Chop one piece of onion (makes approximately half a cup) and add to the chopped meat (photo below, left).  Season with salt and pepper, to taste, and mix all together (photo below, right):

Reserve.

Mix the shredded cabbage with the sliced pickled jalapeños and carrots with their liquid, and the lime juice, seasoning with salt and pepper, to taste:

Cover and reserve until serving time.

Place tomatoes and garlic in a pot with hot water, and cook just until the tomato skins start to burst.  Remove and discard skin from tomatoes, as well as their stem spot, then transfer to a blender jar, along with the garlic.  Add the other piece of onion, the cilantro, and half a teaspoon of salt, or to taste (photo below, left).  Process until smooth (photo below, right):

Transfer to a bowl or jar, and reserve.

Once the corn patties have cooled down, slice in half horizontally with a serrated knife (photo below, left), to make sixteen thinner discs (photo below, right):

Just before serving time, fry and assemble the garnachitas.  The traditional method is to top each disc, cut side up, with the prepared tomato sauce, chopped meat and onions, and then fry in enough oil to crisp the bottom and toppings.  I prefer to use just a couple of tablespoons of oil, and crisp the discs and meat separately, then assemble.  For my method, warm up two tablespoons of oil in a large skillet over medium heat; add about one cup of the meat and onion mix to one side, and place five to six corn discs, cut side down next to the meat:

Stir the meat and onion to crisp evenly, and flip discs after one minute, then top with prepared tomato sauce:

Continue cooking until the meat and onions are nicely crisped, then divide and place on top of the discs:

The garnachitas are crispy, and ready to serve:

Transfer to a plate, top with a generous amount of the pickled cabbage, sprinkle with crumbled cheese, and serve immediately, with more tomato sauce on the side:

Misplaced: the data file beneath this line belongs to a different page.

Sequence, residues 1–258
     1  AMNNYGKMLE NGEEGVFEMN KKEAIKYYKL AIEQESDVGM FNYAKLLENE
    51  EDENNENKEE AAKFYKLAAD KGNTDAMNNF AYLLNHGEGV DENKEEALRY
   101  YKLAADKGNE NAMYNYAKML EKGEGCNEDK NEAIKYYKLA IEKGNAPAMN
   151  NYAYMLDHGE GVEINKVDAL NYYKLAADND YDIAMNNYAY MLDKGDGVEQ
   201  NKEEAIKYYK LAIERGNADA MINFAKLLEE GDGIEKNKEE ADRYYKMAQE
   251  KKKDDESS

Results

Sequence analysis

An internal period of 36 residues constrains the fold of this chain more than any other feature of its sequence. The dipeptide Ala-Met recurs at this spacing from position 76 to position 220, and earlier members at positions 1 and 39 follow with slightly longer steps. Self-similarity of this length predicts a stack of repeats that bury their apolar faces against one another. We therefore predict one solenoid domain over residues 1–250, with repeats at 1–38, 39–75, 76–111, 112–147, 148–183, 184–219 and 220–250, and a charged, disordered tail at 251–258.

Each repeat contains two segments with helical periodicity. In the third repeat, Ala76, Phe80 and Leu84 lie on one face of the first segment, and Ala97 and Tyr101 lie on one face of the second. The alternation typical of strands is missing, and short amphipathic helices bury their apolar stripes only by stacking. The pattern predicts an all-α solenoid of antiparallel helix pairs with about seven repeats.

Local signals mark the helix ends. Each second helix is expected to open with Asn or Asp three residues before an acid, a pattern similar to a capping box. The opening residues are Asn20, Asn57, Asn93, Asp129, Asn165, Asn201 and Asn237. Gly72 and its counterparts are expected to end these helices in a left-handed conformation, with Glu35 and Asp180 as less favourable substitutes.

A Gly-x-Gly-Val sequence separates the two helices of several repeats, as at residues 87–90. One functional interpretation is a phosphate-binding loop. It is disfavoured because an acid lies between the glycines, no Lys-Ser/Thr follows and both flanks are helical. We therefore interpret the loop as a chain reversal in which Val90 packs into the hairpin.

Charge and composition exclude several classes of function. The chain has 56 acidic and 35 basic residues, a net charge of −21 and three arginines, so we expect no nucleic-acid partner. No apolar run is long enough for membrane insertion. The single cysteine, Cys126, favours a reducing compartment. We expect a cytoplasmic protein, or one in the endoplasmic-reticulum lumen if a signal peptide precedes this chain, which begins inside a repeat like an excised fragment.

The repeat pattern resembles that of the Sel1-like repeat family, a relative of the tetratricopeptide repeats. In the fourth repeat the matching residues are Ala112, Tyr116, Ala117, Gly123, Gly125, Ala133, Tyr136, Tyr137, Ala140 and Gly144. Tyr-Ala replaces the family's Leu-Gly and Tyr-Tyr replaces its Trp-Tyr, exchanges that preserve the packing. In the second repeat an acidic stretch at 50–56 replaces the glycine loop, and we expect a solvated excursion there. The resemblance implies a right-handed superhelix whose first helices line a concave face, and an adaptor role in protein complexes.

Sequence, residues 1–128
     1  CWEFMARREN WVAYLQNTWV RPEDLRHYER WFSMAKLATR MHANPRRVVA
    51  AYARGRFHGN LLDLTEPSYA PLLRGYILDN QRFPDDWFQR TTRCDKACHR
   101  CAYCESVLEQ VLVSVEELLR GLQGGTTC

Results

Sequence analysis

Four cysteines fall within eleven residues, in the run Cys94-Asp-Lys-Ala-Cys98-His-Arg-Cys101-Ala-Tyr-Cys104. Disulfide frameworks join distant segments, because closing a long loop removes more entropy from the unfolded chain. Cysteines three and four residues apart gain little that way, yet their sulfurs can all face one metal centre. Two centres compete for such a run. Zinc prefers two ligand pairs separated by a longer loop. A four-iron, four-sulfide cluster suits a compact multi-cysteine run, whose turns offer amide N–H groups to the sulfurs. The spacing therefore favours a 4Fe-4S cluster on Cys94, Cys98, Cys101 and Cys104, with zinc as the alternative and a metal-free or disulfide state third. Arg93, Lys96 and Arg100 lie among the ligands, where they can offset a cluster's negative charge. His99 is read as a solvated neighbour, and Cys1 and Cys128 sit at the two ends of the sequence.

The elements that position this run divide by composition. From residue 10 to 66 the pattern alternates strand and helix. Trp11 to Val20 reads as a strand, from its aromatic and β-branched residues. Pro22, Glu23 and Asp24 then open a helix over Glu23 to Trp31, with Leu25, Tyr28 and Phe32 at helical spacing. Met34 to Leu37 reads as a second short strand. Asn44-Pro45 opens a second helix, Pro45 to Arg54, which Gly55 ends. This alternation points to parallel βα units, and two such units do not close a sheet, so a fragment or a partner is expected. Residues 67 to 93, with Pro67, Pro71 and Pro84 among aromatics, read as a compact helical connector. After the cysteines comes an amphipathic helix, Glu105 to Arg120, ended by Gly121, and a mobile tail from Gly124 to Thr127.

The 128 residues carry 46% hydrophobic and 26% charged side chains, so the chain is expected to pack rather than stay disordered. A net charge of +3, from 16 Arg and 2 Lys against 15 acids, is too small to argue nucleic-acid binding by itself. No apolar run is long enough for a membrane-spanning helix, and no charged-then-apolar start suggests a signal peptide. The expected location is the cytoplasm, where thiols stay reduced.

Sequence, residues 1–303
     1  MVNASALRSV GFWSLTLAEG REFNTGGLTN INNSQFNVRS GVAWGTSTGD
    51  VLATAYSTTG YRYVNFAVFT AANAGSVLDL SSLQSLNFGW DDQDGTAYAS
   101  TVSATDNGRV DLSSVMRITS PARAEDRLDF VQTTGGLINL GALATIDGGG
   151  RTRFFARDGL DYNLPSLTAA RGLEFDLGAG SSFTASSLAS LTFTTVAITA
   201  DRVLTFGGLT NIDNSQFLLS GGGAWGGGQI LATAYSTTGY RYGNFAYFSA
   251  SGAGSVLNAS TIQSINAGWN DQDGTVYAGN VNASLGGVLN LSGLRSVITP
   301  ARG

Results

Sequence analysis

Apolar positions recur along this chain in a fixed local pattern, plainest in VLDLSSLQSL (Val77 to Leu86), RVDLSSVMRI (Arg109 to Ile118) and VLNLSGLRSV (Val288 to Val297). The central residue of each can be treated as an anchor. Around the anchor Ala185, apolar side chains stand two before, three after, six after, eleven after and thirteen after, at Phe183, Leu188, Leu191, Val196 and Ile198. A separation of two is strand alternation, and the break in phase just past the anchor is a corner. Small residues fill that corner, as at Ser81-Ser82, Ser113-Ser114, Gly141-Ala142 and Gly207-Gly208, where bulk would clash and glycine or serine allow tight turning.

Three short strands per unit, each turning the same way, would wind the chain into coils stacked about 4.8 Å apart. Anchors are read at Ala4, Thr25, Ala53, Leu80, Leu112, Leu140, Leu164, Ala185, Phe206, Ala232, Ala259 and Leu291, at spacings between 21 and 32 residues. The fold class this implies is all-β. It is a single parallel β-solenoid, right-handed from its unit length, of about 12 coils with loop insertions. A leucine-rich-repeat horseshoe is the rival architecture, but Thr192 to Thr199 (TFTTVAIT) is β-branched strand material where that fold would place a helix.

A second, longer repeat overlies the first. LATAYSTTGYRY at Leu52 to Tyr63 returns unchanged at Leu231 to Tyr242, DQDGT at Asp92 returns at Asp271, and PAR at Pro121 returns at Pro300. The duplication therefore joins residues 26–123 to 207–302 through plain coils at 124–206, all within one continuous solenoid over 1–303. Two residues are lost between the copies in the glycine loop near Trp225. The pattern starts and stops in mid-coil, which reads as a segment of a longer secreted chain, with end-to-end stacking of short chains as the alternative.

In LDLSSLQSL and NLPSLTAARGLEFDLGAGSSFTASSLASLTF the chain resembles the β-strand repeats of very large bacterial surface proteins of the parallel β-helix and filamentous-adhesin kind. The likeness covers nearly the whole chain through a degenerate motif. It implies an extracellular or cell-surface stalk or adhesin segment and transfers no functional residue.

Repeat to crisp the rest of the meat and discs; makes three very generous plates, as the one shown above, or four to six appetizer-size portions.

The crispy corn discs, topped with fried meat and onions, and finished with tangy cabbage offer a deliciously crunchy bite, complemented by the flavours of the seasoned tomato sauce and crumbly cheese:

A few of these tasty garnachitas sure recharged our energy during that stormy day in Chiapas and now, prepared in Canada decades later, I enjoyed reminiscing on my visit to that beautiful state.  In spite of having a rich cuisine, this is my first recipe from Chiapas on the blog, but I hope to come back and share more of its wonderful dishes soon, and promote this amazing corner in Southern Mexico.


One of my daughters has just relocated to the Greater Toronto Area to begin a new job (so proud of her!) but she was still home when I made these garnachitas, so I prepared a special portion with refried beans instead of meat, since she is a vegetarian.  To crisp them, after frying the cut side of the discs, spread a layer of refried beans on them and return to the pan with the bean side down, just for half a minute or so, then flip to crisp the outer side (photo below, left).  Transfer to a plate and top with seasoned tomato sauce, tangy cabbage and crumbly cheese (photo below, right):